Friday, October 13, 2006

Musical Implications of the Harmonic Overtone Series: Chapter V


The Series' Prediction of Canon


As I mentioned in chapter four, the series, quite by itself when left to its own devices, will create canons. There are two circumstances required for this to take place: The root progression pattern has to be all of a single type or it must be a repeating pattern of two or more types, and the upper texture must follow proper transformational logic or at least a logic of all the same kind. If this is done casually within the diatonic system, non-strict diatonic canonic voices will result in the upper transformational stratum, but if the original established intervallic relationships are scrupulously followed in subsequent iterations, strict canons will result.

There are a couple of exceptions to note: In a three voice texture, if two root motion types are selected which result in alternating clockwise and counterclockwise transformations, then the chord tones will not get to play all of the roles within the triad (Root, third, and fifth). This will result in an incomplete canon in which two voices follow properly, but the third voice is "free" so to speak. Likewise, in a four voice texture, if the single or multiple root motion types don't allow for the voices to play all of the tetradic roles, then a four-voice canon will not result: But a double canon will. The double harmonic canon is what is actually implied in the series, but I will display a true four voice canon with two root motion types as well.


In Example I I have presented the old reliable initial proof in the triadic version. In Example II I extracted the three voice diatonic canon out of it. Obviously, this canon does not draw any attention to itself, but as we embelish it, it will.

By Example III, where I introduce secondary dominant triads into the mix, the canonic nature of the transformational stratum begins to become noticeable. Then, in Example IV, I introduce a nice altered dominant sonority available in triadic textures: The augmented triad. This second of the symmetrical harmonic structures - being a loop of major thirds - also generates a hexa-phonic whole tone scale just as the French and Italian-derived secondary dominants do.

Finally, in Example V, I dovetail the diatonic, secondary dominant, and augmented triad versions together to produce a three voice canon which increases in harmonic and melodic interest over the course of the phrase.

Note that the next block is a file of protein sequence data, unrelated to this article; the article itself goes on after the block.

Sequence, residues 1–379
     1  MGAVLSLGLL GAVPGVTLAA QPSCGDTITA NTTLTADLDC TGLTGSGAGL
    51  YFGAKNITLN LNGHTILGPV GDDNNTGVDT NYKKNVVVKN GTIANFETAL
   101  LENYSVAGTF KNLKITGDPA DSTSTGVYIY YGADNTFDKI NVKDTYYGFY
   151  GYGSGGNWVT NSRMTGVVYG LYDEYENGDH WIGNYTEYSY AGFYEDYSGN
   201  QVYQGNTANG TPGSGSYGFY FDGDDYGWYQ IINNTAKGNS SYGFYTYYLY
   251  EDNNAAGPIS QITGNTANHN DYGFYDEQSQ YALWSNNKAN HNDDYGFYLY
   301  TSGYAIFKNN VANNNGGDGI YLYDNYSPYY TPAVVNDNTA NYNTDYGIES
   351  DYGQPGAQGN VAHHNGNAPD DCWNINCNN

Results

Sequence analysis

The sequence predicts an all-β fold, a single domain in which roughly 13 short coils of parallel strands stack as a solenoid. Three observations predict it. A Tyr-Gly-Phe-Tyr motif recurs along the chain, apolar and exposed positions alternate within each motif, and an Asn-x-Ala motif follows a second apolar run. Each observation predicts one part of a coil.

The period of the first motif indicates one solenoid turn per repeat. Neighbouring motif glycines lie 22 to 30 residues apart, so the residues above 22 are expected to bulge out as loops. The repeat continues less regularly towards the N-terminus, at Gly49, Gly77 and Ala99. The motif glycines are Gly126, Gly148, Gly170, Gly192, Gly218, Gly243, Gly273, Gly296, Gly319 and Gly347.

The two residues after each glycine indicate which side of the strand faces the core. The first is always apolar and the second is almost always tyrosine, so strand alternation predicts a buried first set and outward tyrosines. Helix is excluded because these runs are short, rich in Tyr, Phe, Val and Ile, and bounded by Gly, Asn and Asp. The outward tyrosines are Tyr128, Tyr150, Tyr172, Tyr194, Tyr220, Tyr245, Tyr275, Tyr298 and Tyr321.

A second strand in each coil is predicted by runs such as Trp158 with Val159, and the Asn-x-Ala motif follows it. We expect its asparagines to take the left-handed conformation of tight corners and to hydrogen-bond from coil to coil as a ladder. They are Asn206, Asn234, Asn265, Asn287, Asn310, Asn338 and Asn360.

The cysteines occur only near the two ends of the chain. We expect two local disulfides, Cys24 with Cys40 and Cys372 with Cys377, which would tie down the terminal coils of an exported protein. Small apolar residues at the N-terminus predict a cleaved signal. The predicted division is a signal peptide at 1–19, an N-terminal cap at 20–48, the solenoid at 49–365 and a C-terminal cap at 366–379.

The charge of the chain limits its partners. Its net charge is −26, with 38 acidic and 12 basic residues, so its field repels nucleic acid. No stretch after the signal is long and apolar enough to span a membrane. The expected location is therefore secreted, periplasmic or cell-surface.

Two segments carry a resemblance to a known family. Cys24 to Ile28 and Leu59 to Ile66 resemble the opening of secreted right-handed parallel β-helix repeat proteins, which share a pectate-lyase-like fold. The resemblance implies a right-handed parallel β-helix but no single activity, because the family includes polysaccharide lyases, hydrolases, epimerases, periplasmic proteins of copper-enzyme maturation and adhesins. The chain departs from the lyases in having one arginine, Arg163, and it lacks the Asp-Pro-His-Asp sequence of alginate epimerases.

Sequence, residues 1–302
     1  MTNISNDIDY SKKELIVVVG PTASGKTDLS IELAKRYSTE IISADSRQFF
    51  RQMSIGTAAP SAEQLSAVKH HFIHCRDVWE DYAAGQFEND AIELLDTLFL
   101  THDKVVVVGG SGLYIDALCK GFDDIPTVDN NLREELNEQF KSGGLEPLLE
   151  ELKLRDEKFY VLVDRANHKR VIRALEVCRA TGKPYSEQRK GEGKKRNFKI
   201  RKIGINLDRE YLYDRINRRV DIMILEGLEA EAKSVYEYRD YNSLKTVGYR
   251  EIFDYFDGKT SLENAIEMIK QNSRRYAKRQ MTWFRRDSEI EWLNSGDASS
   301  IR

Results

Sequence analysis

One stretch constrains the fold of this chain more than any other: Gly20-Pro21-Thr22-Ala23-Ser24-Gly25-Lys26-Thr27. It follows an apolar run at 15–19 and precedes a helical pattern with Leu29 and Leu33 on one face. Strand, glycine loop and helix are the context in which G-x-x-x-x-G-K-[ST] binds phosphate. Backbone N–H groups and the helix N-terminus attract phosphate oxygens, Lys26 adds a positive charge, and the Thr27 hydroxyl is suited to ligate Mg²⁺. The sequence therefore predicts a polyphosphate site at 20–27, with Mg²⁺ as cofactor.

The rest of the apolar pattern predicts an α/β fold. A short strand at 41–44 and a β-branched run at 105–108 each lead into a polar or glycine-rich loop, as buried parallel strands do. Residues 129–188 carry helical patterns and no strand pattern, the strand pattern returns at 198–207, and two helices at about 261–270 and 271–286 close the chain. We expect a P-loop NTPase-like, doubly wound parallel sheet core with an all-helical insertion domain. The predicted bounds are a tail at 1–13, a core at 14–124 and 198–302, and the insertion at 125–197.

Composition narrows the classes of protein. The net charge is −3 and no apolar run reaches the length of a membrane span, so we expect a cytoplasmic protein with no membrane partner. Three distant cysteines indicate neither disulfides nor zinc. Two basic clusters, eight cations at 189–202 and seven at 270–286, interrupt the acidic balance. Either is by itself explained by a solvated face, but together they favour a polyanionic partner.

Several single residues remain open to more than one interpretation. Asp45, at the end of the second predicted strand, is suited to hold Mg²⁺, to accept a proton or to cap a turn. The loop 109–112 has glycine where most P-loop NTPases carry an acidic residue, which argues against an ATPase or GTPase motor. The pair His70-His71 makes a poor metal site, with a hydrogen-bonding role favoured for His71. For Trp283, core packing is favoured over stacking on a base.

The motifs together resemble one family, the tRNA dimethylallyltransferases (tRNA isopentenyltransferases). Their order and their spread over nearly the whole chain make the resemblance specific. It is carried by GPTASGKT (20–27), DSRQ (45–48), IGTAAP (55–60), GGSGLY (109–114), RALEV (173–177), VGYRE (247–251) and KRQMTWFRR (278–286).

On this page of examples, I have presented the same continuity example with tetradic upper strata. Since all of the transformations are crosswise, one pair if voices alternates between the roots and fifths, while the other pair alternates between the thirds and sevenths (With the intermediate triads with doubled root). This results in a double canon instead of a four voice canon. So, the series-implied falling fifth root motions create a double canon, as you can see.

The process is the same as with the triadic examples: Example VI is the basic continuity, Example VII is the extracted diatonic double canon, Example VIII adds secondary dominant sevenths, Example IX adds French-derived V(d5m7) chords, and finally, Example X combines aspects of all of the previous versions into a dovetailing strict double canon.


In Example XI we have a root progression pattern of two types: A half-progression followed by a progression. This is the same pattern I used in the second integrated modality proof, but this version is diatonic and has a triadic upper stratum. Example XII adds secondary dominant triads, and Example XIII is only a two voice canon with a third "free" voice because the alternating clockwise and counterclockwise transformations do not allow all of the voices to take all of the chordal degrees.

Example XIV is the same root motion pattern with a tetradic upper stratum, and as you can see, it does not suffer from the same flaw. In fact, due to the clockwise/crosswise alternations, this will result in a true four voice canon since all four of the voices get to play all four of the chordal functions.


Here in Example XV we have another version of the second integrated modality proof which displays the fact that it is a true four voice harmonic canon (I labelled it a double harmonic canon, which it is, but is also a true four voice canon).

There are harmonic canons present - but well hidden - in some of Bach's preludes and chorale harmonizations, so the technology is not new by any means. I'm virtually certain that Bach was aware of these since he was such a transcendental contrapuntal master, but since these canons can be incidental to producing repeating root motion patterns, the very remote possibility does exist that some of them were simply artifacts of his harmonic compositional process. So far as I know, neither Bach or any of his students ever mentioned them pedagogically. Probably the most famous harmonic canon in all of music history is the Pachelbel Canon in D, which uses a I, V, vi, iii, IV, I, ii(6/5), V progression, which has alternating regressive and super-progressive root motions right until the end, and that was written a generation before Bach's time (Five years before Bach's birth, if memory serves), so I'm fairly certain this technique was well known in the north German school. I find it rather odd that I have never come across any mention of it within that period's context, but then I don't read German.

We need not stop here with melodic developments either, as we could create a long, drawn out Pachelbelian variation set from these progressions, but the proofs which I wanted to present are complete with this example: The point is that the series works out canon on its own if it is allowed to realize its resolutional desires in a cyclically repeating manner.


She could probably get me to eat more fruits and vegatables.


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